Like I said in the review above I need more of a plot than just a beautiful story told, but something I wanted to add I didn't want to spoil in the safe part of the review was the fact how unbalanced the story was because of it. The first half of the book is dedicated to the generations before the protagonist, and then when the last half of the book should be dedicated to her arc, it sort of drags to the climax and when the climax comes, it barely lasts a page. The synopsis describes this scene as the "devastating crescendo" of the novel which is way way way overplayed. It's resolved so quickly and awkwardly I couldn't really believe that all the suspense and stress and beautiful imagery resulted to just...that. Maybe the author was rushed to finish the novel...I'll never know. There was more emphasis on the baked goods Emilienne created that people just couldn't deny than there was on the protagonist in her most important moment. And then after the climax, in the last chapters, it continued to talk about baked goods and by this point I couldn't wait to finish it. It's disappointing when a novel is better in the beginning than in the end. Especially when the most important character isn't in the parts that you liked about the book.
    A moment I found was the most moving moment in the novel was at the end when Ava's in the hospital and her grandmother comforts her. It's a scene that we see everywhere but because we're given 250 pages of Emilienne refusing to truly care for anything suddenly reveal a soft moment made the first 250 pages mean something. It took a long time for me to see the coldness of her reserved personality could be thrown aside when her granddaughter needed her. It was one of the events of the book that worked, despite it taking so long to be shown. 
    Now, about the antagonist Nathaniel Sorrows. I'm not going to delve into the crazy religious man's life before the climax because to me that was just a trope, but I will briefly mention his ending scene. The suspense and ominous mood was well written as he Hansel and Gretel'd Ava into his house out of the storm. It was the trapping her in the house and she couldn't find her way out that was only the beginning to making the climax fail. I couldn't really believe she couldn't remember the way to the front door. That was warning number one. Number two was when she happened to stumble into his room of bird butchery. I'm going to skip the brief rape scene and highlight his reaction to attack was to flee. Warning number three leading perfectly to number four--- Vivianne happened to pass him at this moment and he just stops like a deer in the headlights. He stops and is suddenly vanquished by Emilienne's haunting relatives. O_O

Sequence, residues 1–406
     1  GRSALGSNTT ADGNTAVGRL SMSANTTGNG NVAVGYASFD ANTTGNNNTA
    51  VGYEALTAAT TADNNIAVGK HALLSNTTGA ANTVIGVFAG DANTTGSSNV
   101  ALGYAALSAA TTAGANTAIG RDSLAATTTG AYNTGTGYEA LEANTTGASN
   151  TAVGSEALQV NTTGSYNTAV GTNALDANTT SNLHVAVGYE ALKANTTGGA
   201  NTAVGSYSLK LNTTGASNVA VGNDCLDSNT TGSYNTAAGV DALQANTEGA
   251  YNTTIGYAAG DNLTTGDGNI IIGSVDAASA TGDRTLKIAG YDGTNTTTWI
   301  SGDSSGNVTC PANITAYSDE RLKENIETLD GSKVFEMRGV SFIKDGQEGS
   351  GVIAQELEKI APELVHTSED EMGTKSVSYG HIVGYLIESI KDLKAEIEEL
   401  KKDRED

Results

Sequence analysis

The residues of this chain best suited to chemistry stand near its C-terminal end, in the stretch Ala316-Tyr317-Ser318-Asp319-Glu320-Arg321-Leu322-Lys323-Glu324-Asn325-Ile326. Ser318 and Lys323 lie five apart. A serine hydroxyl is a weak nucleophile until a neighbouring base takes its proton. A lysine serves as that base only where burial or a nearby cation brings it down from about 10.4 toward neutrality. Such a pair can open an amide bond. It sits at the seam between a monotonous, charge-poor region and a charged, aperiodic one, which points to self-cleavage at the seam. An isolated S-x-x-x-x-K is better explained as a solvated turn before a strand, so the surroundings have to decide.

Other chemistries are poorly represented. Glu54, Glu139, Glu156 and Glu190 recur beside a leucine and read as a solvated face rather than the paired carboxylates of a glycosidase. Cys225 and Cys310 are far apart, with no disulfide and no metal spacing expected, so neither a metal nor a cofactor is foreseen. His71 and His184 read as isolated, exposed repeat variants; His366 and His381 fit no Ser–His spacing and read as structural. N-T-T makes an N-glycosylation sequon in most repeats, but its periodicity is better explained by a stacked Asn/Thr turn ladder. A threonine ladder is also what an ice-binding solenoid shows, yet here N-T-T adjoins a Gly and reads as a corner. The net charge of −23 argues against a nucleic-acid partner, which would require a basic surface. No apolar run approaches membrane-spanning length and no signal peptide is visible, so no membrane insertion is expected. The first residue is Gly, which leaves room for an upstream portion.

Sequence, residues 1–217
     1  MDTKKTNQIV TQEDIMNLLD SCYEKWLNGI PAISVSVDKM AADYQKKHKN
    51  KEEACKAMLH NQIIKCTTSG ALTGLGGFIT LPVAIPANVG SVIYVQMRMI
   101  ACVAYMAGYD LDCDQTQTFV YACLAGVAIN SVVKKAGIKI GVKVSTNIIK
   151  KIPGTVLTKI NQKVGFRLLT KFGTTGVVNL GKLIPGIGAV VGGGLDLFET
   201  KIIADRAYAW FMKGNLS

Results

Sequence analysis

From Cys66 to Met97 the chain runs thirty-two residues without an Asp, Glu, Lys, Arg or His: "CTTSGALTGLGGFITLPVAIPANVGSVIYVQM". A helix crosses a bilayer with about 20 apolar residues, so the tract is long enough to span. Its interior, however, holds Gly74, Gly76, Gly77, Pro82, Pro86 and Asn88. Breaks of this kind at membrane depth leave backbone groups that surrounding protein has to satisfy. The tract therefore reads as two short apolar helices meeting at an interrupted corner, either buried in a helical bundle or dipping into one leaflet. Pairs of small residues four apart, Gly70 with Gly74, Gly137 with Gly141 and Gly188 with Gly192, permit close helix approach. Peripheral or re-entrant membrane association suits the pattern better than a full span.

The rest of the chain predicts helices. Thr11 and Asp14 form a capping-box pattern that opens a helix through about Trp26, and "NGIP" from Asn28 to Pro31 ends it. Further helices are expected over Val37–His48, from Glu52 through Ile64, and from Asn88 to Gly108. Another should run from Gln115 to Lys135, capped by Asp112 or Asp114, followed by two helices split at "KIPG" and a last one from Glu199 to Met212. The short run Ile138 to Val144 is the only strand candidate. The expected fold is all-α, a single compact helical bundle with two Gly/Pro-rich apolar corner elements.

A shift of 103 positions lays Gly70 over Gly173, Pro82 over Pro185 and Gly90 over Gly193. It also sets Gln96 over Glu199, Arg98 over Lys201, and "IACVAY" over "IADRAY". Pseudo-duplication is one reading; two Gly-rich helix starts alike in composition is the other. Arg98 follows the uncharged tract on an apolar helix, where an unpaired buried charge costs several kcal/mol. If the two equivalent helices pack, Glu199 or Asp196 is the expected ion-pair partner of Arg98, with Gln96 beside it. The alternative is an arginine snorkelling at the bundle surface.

I couldn't help laughing at this horrifying scene because I'm temporarily imaging him being sucked into darkness like when Willy was by demons in Patrick Swayze's Ghost. While Nathaniel's death is more sudden than that, he sort of explodes in flames, I couldn't see the justice being served as much as the author wanted me to to believe. Why were the grandmother's relatives his executioners? Why did Marigold Pie, a pious woman who didn't divulge herself in the "desires" of the flesh like sweets suddenly go on a craze and have to have her nephew come. Why didn't her family check up on them to see if she was getting better? The only solution the author gave was she was drugged in her room. Since when? Why did Henry suddenly go to his father's house on the day of his sister's attack? Was he the bad man to Henry-- someone he'd never met? I thought it was the creepy guy living next door talking to his sister in the middle of the night from behind a bush who had a fixation on touching her wings. I could go on with the unanswered questions.
    And how about the brother with premonitions? Personally I dislike the "normal" brother as being bizarre and having premonitions. The few words he says is disregarded--- ironically believable since the words are nonsense in context of every day life--- but on the night it happens he keeps repeating the "There's blood on the floor and feathers everywhere." I could see this whole night being filmed in a movie and how it was written-- I think she's ready for it to be made into film.

     I didn't think my review would go on this long but I'd like to end on one of my favorite characters. A character who never appears (in human form anyway). Fatima Inês. Another tragic life that is more a mystery and urban myth to locals. Her contribution to the novel made it one of the reasons why this novel's a good read.


Until Next Time,
Nicole Ciel